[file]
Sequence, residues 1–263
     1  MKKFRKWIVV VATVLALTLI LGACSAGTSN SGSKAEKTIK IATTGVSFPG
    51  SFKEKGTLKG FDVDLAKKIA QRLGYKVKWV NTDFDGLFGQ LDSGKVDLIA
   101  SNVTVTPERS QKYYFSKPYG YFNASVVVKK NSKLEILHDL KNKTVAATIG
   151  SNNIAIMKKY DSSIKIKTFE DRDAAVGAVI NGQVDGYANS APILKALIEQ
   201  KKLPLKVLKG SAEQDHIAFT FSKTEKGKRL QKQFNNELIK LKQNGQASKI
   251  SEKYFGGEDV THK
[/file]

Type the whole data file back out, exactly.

Sequence, residues 1–263
     1  MKKFRKWIVV VATVLALTLI LGACSAGTSN SGSKAEKTIK IATTGVSFPG
    51  SFKEKGTLKG FDVDLAKKIA QRLGYKVKWV NTDFDGLFGQ LDSGKVDLIA
   101  SNVTVTPERS QKYYFSKPYG YFNASVVVKK NSKLEILHDL KNKTVAATIG
   151  SNNIAIMKKY DSSIKIKTFE DRDAAVGAVI NGQVDGYANS APILKALIEQ
   201  KKLPLKVLKG SAEQDHIAFT FSKTEKGKRL QKQFNNELIK LKQNGQASKI
   251  SEKYFGGEDV THK